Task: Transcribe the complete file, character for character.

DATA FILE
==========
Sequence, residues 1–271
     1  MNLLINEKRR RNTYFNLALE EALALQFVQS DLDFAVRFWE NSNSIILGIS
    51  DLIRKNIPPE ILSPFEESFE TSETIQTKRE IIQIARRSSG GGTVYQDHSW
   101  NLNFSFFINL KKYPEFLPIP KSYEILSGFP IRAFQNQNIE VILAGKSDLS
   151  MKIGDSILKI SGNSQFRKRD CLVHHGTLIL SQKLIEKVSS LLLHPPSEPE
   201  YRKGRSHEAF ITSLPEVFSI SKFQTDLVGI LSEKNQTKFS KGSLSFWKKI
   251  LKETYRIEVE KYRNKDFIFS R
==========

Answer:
Sequence, residues 1–271
     1  MNLLINEKRR RNTYFNLALE EALALQFVQS DLDFAVRFWE NSNSIILGIS
    51  DLIRKNIPPE ILSPFEESFE TSETIQTKRE IIQIARRSSG GGTVYQDHSW
   101  NLNFSFFINL KKYPEFLPIP KSYEILSGFP IRAFQNQNIE VILAGKSDLS
   151  MKIGDSILKI SGNSQFRKRD CLVHHGTLIL SQKLIEKVSS LLLHPPSEPE
   201  YRKGRSHEAF ITSLPEVFSI SKFQTDLVGI LSEKNQTKFS KGSLSFWKKI
   251  LKETYRIEVE KYRNKDFIFS R